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Phytophthora ramorum: a threat to Australia?

O'Gara, E., Hüberli, D. and Hardy, G.E.St.J. (2005) Phytophthora ramorum: a threat to Australia? Australasian Plant Conservation, 13 (4). pp. 22-24.

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What makes Phytophihora cinnarnomi such a devastating plant pathogen in the Australian environment?
• It is a microscopic organism that lives in soil and plant roots.
• It can., and has, spread widely in many Australian landscapes through movement of infested soil from one location to another, naturally and by human activities ranging from bushwalking to mining.
• It can reproduce asexually and prolifically when conditions are optimal (warm and moist).
• It infects a very broad range of plants, and the susceptibility of much of Australia’s unique flora indicates that it is exotic in origin.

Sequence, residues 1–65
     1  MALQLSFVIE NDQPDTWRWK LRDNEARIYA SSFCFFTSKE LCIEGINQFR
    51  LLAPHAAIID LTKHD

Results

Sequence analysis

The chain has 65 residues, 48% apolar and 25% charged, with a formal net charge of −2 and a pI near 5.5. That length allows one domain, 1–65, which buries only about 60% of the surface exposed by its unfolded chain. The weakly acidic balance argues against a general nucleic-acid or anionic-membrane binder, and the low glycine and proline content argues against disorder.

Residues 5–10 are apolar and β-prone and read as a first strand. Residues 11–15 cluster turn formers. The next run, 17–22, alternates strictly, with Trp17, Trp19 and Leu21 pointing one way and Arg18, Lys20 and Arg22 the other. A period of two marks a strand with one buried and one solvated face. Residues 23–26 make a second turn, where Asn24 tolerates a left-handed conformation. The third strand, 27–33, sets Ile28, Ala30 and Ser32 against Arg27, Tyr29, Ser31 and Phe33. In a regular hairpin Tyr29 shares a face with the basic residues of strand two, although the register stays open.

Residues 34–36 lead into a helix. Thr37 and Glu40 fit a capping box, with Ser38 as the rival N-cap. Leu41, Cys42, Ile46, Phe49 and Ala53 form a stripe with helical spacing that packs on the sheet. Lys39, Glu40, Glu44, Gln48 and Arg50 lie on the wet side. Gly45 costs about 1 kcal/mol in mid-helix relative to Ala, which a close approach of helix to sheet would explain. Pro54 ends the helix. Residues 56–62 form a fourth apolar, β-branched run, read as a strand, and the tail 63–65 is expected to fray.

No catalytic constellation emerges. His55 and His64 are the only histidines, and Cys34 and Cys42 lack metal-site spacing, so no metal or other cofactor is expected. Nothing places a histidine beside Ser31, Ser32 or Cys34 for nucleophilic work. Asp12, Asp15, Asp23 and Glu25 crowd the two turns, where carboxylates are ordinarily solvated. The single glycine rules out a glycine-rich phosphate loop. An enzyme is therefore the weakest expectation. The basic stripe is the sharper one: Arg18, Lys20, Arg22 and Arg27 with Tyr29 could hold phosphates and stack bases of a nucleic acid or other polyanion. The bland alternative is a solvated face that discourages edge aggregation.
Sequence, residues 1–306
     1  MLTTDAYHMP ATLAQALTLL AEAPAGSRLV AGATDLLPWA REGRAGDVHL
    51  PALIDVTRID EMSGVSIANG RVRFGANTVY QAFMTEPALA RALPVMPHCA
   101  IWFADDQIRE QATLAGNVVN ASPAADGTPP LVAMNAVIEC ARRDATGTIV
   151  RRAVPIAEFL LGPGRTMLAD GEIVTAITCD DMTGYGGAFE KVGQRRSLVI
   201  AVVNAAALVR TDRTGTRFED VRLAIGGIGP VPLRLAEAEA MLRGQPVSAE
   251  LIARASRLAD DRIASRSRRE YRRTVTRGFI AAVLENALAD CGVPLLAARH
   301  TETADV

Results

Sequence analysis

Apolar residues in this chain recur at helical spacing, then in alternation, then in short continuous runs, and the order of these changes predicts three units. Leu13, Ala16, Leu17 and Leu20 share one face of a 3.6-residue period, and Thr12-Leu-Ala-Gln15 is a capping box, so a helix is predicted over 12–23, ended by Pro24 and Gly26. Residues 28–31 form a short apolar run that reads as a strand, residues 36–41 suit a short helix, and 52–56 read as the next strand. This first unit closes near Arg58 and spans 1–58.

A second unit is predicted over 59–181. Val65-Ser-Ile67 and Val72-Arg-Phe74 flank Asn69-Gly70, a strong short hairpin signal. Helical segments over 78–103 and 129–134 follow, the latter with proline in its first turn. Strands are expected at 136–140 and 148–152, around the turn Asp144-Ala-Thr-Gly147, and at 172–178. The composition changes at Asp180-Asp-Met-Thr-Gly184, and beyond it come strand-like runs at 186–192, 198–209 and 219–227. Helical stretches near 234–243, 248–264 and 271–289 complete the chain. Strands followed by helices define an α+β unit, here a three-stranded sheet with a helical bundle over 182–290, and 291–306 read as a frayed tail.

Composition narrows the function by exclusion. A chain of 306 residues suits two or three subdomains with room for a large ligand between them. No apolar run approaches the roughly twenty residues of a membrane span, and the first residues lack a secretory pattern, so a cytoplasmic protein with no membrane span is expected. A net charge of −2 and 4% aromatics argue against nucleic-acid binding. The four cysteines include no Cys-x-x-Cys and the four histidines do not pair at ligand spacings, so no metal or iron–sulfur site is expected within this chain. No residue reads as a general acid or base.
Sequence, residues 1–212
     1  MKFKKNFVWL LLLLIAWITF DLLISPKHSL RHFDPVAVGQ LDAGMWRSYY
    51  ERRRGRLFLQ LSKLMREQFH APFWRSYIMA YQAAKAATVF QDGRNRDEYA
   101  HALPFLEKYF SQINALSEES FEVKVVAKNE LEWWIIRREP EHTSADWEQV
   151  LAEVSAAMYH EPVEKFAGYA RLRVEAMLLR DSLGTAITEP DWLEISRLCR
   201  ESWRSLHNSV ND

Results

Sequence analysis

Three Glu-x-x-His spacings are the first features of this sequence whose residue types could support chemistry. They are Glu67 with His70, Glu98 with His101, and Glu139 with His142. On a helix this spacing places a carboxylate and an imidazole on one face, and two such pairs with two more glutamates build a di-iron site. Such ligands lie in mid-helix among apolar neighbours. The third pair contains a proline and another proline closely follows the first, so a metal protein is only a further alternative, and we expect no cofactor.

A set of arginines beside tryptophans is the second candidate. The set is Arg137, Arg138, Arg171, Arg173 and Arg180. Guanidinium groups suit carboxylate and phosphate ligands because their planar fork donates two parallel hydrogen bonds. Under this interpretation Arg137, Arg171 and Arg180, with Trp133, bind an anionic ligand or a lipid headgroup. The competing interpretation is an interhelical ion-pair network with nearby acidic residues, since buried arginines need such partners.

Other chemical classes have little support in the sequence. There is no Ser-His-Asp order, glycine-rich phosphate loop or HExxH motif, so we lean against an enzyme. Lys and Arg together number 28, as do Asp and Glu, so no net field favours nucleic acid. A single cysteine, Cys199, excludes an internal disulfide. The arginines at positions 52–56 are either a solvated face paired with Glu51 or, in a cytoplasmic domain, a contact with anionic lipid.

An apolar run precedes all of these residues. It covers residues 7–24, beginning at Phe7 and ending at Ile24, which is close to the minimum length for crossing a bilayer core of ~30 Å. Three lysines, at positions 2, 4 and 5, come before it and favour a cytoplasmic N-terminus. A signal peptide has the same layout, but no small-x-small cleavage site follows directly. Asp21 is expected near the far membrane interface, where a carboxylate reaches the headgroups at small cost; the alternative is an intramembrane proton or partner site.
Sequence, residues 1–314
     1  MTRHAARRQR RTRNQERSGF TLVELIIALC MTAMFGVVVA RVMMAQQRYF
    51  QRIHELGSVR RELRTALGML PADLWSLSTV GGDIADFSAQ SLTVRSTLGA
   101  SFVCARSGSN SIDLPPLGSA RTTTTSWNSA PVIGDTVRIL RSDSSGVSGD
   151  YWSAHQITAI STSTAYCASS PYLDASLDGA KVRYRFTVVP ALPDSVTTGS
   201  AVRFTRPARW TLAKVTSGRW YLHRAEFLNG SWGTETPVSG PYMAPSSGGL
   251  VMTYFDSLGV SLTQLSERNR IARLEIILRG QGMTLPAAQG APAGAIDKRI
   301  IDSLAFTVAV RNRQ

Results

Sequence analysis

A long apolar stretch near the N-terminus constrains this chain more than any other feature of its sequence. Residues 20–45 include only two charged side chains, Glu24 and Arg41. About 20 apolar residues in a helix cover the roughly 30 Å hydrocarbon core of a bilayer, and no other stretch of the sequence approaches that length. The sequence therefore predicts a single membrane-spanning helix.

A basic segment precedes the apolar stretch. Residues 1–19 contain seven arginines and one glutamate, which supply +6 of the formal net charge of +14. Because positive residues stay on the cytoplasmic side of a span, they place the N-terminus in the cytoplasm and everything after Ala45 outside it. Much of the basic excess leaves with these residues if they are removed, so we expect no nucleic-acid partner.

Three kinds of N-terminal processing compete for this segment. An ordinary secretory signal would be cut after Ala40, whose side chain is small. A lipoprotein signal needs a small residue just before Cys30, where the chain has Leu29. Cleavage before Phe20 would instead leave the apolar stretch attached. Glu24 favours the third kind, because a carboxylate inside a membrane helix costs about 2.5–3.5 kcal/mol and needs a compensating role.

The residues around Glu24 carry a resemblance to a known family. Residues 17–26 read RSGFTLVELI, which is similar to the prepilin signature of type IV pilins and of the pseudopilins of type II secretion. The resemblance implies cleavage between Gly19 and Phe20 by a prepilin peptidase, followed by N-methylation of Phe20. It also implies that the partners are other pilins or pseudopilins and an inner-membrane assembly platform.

• Once present in a landscape it cannot be eradicated, although management is possible with commitment from governments, industry and the community.

It’s a fairly grim scenario...but it couldn’t get any worse. . .could it? Unfortunately, it could! Imagine a species of Phytophihora that has all the characteristics of P. cinnamonii, but also has the capacity to be carried by wind-driven rain. Phvtophthora rarnorum is just such a pathogen.

Item Type: Journal Article
Murdoch Affiliation: School of Biological Sciences and Biotechnology
Centre for Phytophthora Science and Management
Publisher: Australian Network for Plant Conservation Inc.
Copyright: (c) Australian Network for Plant Conservation Inc.
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